Boeing’s portable drone-killing laser can aim silent, invisible laser, burns hole in target from hundreds of metres away
Aerospace giant Boeing has successfully tested a laser weapon that can track down an unmanned drone from hundreds of metres away and shoots them down in under a minute. This week Boeing held a media demonstration of its Compact Laser Weapons System in Albuquerque, N.M.
It is a surprisingly small portable system equipped with a two kilowatt laser, which can be transported in a few medium-sized boxes, and two techs can set it up in minutes. When set up, it looks to be about the size of a large microwave oven perched sideways on a heavy-duty tripod. The device directs at a silent, invisible laser target and tracks it as it moves and sets a drone aflame, which takes about 15 seconds to burn a in a UAV or a quadcopter. This is possible because all the energy in the laser beam is focussed in a very tiny spot.
Also, the tracking mechanism is precise enough to target specific parts of a drone. The laser is controlled with custom targeting software that runs on a laptop, with help from an Xbox 360 controller. It has an unlimited magazine like any laser weapon system, as long as there’s energy to power it either via battery pack or generator. In addition, the cost-per-shot is also extremely low.
However, this system is a lesser powerful version of Boeing’s High Energy Laser Mobile Demonstrator (HEL MD), a truck-mounted laser that can destroy mortars in mid-flight. Even though HEL MD may one day be utilized on the battlefield, this new laser weapon system is meant only to keep drones away from sensitive areas, according to a report from Wired.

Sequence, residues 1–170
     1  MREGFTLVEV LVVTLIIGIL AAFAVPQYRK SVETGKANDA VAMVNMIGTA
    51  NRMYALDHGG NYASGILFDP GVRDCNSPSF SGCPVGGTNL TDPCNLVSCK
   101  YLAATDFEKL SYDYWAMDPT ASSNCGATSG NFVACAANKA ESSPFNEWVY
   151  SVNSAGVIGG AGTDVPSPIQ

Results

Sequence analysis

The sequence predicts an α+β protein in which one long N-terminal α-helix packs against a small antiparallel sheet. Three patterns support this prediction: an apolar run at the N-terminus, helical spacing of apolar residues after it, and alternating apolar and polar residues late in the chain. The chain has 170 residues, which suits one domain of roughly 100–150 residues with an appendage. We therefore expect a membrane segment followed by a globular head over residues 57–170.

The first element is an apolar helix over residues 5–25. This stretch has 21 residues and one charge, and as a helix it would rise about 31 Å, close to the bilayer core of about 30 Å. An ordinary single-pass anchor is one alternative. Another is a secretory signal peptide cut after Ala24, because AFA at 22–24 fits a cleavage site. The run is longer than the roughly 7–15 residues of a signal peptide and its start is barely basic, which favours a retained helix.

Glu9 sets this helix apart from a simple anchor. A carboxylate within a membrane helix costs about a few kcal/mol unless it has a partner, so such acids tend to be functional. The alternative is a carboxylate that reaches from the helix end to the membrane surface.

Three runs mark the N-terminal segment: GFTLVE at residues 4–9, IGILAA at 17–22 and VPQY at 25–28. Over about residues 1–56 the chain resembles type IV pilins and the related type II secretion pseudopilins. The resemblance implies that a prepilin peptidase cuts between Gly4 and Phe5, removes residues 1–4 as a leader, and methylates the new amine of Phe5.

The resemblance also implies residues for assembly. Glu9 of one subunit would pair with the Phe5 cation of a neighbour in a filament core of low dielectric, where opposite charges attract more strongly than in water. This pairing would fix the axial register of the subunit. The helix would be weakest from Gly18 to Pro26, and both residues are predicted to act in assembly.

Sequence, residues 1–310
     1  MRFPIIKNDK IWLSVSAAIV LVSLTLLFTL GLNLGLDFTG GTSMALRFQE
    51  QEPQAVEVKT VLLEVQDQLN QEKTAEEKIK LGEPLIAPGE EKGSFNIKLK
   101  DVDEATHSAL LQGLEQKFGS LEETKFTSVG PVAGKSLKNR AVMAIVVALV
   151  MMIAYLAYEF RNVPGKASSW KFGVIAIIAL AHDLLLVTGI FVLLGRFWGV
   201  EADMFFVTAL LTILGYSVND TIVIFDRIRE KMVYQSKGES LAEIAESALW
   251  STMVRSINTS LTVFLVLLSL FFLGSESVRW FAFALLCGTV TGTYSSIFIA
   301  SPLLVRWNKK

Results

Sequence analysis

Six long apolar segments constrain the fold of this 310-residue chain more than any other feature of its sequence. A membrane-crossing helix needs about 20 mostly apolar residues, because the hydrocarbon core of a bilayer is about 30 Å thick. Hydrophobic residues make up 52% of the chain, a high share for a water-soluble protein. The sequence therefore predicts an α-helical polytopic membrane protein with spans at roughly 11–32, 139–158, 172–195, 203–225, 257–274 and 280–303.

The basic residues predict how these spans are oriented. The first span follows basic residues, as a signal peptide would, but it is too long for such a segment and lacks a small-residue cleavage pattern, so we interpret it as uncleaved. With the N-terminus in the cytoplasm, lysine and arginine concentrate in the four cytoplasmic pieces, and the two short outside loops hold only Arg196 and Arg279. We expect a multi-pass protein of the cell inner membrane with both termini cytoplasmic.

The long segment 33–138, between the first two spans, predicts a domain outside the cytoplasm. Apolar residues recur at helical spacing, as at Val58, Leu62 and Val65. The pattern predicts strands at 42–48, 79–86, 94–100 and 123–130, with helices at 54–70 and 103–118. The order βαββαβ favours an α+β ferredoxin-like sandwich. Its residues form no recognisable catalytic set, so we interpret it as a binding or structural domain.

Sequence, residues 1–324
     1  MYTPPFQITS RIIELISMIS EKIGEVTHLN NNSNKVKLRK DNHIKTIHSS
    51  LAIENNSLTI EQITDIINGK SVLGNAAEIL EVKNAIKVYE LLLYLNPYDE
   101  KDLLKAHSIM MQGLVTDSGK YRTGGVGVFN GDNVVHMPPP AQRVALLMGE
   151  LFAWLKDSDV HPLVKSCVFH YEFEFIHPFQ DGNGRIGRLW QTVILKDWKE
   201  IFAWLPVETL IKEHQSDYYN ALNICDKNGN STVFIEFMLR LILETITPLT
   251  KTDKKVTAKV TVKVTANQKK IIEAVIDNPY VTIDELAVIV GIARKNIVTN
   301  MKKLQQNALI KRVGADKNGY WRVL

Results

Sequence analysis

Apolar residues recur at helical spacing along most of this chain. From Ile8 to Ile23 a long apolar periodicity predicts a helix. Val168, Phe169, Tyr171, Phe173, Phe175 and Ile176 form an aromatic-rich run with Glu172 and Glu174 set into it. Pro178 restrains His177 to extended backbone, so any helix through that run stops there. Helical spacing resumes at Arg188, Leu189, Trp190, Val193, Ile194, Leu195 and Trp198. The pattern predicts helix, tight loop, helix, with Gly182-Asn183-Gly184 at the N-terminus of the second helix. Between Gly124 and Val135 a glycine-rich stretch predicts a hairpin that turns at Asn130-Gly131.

In a video of the demonstration posted online this Thursday, Isaac Neal, a Boeing engineer, said “Think of it like a welding torch being put on target but from many hundreds of metres away.”
“If you were on the receiving end of laser energy, you’d have no idea where it was coming from or what was even happening.”
“It’s something you’ve likely seen many times in science fiction movies, but it’s only now becoming a reality.”
The media demonstration was followed by a successful test in Point Mugu, Calif., that Boeing terms as a milestone. This is the first time the system has managed to disable a moving drone that was not held back by a tether.
Several systems designed to target unmanned aerial vehicles or drones are currently under development by Boeing. People keep flying their drones into unauthorized areas giving rise to a number of security concerns that can be used in spying, create danger for aircraft carrying human pilots and passengers or disturb wildlife. Also, the governments and militaries around the world are worried by the prospect of drones carrying explosives or chemical weapons.
In addition to drones, Boeing is also developing some larger laser systems to counter small boats or projectile weapons such as rockets and mortars.
Boeing expects the laser system to be ready for sale in the next year or two, where they would add an extra element to traditional missile defense systems.